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Cyntoia Brown was sentenced to life in prison when she was 16 and granted clemency in January. Today, she was released.
USA TODAY

NASHVILLE, Tenn. – Cyntoia Brown, an alleged sex trafficking victim sentenced to life in prison for killing a man when she was 16, was released on parole early Wednesday morning, according to the Tennessee Department of Corrections. 

She was released from the Tennessee Prison for Women in northwest Nashville around 3:30 a.m. CT, her attorneys confirmed.

Brown, who was institutionalized for nearly half her life, is free after serving 15 years of a life sentence for the 2004 murder of a Nashville real estate agent. She will be on parole for 10 years.

Conditions of her parole include her compliance with an approved release plan, that she maintain employment or educational enrollment and that she participate in regular counseling sessions, said Dorinda Carter, spokeswoman for the Tennessee Department of Corrections.  She’s also required to perform at least 50 hours of community service, including working with at-risk youth.

Earlier this year, former Gov. Bill Haslam took the rare step of commuting her sentence, paving the way for her release.

The case garnered national attention and drew support from high-profile celebrities such as Rihanna and Kim Kardashian-West.

In the years leading to her release, Brown’s complicated story also has served to rally lawmakers, juvenile justice reformers and critics of Tennessee’s unusually harsh life sentences for teens, those working to expose child sex trafficking and others highlighting racial inequities in the justice system. 

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Who is Cyntoia Brown?

Brown, who is African American and now 31, has been institutionalized for more than half her life. She was sentenced to life in prison in the shooting death of 43-year-old Johnny Allen.

Brown said she was sent by her then-24-year-old boyfriend and pimp to make money. According to Brown, Allen picked her up at a Nashville Sonic restaurant, bought her food and then took her to his home.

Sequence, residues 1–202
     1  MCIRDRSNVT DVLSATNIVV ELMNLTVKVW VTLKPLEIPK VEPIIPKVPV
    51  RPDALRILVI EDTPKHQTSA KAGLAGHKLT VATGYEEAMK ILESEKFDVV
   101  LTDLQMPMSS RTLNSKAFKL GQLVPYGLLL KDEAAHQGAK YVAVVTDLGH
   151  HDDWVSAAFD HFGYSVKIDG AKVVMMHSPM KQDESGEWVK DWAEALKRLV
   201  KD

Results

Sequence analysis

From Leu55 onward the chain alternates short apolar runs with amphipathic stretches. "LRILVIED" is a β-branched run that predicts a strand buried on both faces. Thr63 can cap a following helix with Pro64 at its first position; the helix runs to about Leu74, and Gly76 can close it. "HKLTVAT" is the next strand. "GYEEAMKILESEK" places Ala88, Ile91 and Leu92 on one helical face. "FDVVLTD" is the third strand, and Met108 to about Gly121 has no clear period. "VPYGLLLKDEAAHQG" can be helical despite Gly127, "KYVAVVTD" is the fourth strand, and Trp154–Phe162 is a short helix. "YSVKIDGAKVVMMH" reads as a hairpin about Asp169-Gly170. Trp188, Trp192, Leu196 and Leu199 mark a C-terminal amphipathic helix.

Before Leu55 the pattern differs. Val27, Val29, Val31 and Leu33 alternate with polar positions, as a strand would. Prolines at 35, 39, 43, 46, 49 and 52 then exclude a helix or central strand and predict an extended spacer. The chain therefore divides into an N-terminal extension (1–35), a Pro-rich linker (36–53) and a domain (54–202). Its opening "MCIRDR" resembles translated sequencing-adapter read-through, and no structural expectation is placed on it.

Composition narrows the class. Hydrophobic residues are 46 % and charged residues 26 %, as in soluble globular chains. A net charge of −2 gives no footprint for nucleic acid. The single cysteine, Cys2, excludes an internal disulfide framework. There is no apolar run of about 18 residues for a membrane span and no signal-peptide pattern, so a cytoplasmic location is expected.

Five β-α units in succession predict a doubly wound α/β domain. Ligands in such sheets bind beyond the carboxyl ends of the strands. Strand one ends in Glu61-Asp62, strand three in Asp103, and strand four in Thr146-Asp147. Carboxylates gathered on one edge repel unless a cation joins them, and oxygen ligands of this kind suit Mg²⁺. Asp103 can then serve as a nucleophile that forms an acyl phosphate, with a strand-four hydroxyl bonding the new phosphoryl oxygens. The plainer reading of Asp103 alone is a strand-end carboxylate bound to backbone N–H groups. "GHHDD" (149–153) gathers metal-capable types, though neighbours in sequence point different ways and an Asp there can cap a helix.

She was tried as an adult, convicted of first-degree murder and robbery and sentenced to life in prison – state law dictated that she would not be eligible for parole for at least 51 years.

Timeline: Cyntoia Brown’s case, conviction and successful bid for clemency

What is clemency?

Haslam intervened in Brown’s case in January near the end of his term, using his exclusive power to grant an executive clemency. 

Executive clemency in Tennessee is “an act of mercy or leniency providing relief from certain consequence of a criminal conviction,” according to the state’s Executive Clemency Unit.

Brown’s sentence was commuted, and a lesser sentence was substituted for the mandated 51 years of her original sentence. 

Analysis: Cyntoia Brown, R. Kelly and the refusal to recognize black and brown female victims

In a recent interview with the USA TODAY Network, Haslam said his decision to grant Brown freedom was rooted in the state’s evolving approach to juvenile justice, a deeper understanding of Brown’s troubled background and her remarkable transformation behind bars.

“She, in her own words, did something horrible. She made a really bad decision as a very young woman,” Haslam said last week. But he pointed to “mitigating factors,” primarily her forced involvement in prostitution, that laid the groundwork for his decision.

“We want to believe that incarceration works,” Haslam said.

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What’s next for Cyntoia Brown?

Brown’s reentry plan includes an updated risk/needs assessment, placement in the transition center, and the continuation of her current course of study through the Lipscomb University LIFE Program, said Faith Seifuddin, a public information officer for the Tennessee Department of Corrections.

“As part of the department’s commitment to seamless supervision, the re-entry plan that was developed will be shared with the supervising officers in the community,” Seifuddin said. 

During parole, Brown will be supervised according to the evidence-based standards of supervision. 

“These standards determine how often an offender meets with their officer and what additional programs they may need,” Seifuddin said.

In a statement released by her attorney, Brown thanked supporters and said she would be using her experience to help abused women and girls.  

‘Blessed’: Cyntoia Brown thanks supporters

“While first giving honor to God who made all of this possible, I would also like to thank my many supporters who have spoken on my behalf and prayed for me,” Brown said  just days before her release. 

“I’m blessed to have a very supportive family and friends to support me in the days to come. I look forward to using my experiences to help other women and girls suffering abuse and exploitation.”

Follow Mariah Timms and Natalie Neysa Alund on Twitter: @MariahTimms and @nataliealund

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